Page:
“Faithful are the wounds of a friend; profuse are the kisses of an enemy.” (Proverbs 27:6)
Israel and Russia reaffirmed its continuing coordination in the fight against Islamic jihadists in Syria on Tuesday in a phone call between Israeli Prime Minister Benjamin Netanyahu and Russian President Vladimir Putin.
The two leaders agreed to continue diplomatic and military dialogue at various levels, as well as the crisis in Syria.
“Vladimir Putin stressed that there is no alternative to the launch of intra-Syrian negotiations under the auspices of the United Nations, as well as to the continued and uncompromising fight against Islamic State and other extremist groups acting in Syria,” the Kremlin was quoted as stating.
The phone call between Netanyahu and Putin came two days after the assassination of top Hezbollah terrorist Samir Kuntar in Damascus, who was killed in what Arab media has attributed to an Israeli airstrike.
Since September 30, Russia has officially entered the fighting in Syria, launching military operations in support of Syrian President Bashar Assad. Israel and Russia have set up special communication channels to make sure that fighter jets from both countries do not accidentally clash with one another.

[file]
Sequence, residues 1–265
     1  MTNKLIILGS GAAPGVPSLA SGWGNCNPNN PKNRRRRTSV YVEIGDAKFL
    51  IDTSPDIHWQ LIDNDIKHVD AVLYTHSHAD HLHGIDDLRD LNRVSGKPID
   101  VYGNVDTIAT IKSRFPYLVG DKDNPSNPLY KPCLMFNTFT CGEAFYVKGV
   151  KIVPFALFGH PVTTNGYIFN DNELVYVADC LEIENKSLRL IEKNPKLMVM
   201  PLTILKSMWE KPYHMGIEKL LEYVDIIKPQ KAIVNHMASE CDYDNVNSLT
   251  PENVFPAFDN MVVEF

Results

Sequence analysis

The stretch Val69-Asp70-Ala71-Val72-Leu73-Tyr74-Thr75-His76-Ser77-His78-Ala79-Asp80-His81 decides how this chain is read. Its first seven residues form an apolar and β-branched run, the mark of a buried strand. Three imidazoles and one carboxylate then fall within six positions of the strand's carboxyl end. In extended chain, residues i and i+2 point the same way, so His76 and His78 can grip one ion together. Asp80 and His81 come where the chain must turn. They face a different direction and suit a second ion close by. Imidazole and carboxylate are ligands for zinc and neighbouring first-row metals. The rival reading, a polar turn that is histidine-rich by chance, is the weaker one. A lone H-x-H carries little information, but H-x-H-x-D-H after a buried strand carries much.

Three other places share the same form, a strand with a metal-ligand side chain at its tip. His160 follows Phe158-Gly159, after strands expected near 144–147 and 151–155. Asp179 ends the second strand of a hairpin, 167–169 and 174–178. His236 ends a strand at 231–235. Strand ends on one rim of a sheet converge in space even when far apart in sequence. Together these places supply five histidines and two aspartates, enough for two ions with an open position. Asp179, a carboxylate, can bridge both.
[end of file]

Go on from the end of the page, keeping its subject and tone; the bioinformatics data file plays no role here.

While Israel has yet to confirm the nature of its involvement in Sunday’s airstrike, it is unknown whether Israel notified Russian officials ahead of time. Putin’s spokesman Dmitry Peskov said on Monday he was unsure on whether Israel issued a warning.
“There is a working mechanism of information exchanges between the general staffs. It is the military who should be addressed with this question and asked if there had been any prior notifications on that score,” he said.
The conversation between Netanyahu and Putin comes on the heels of Russia being accused of war crimes by Amnesty International. On Wednesday, the London-based human right organization said that Russian air raids in Syria have killed hundreds of innocent civilians.
The strikes “appear to have directly attacked civilians or civilian objects by striking residential areas with no evident military target and even medical facilities, resulting in deaths and injuries to civilians,” said Philip Luther, Amnesty Middle East and North Africa director, in a statement.
“Such attacks may amount to war crimes,” he said, adding that it “is crucial that suspected violations are independently and impartially investigated.”
Amnesty reported that Russian officials “have claimed that their armed forces are only striking ‘terrorist’ targets. After some attacks, they have responded to reports of civilian deaths, by denying they killed civilians; after others, they have simply stayed silent.”
Since March 2011, when fighting broke out in Syria, it is estimated that 250,000 people have been killed and millions more forced to flee their homes.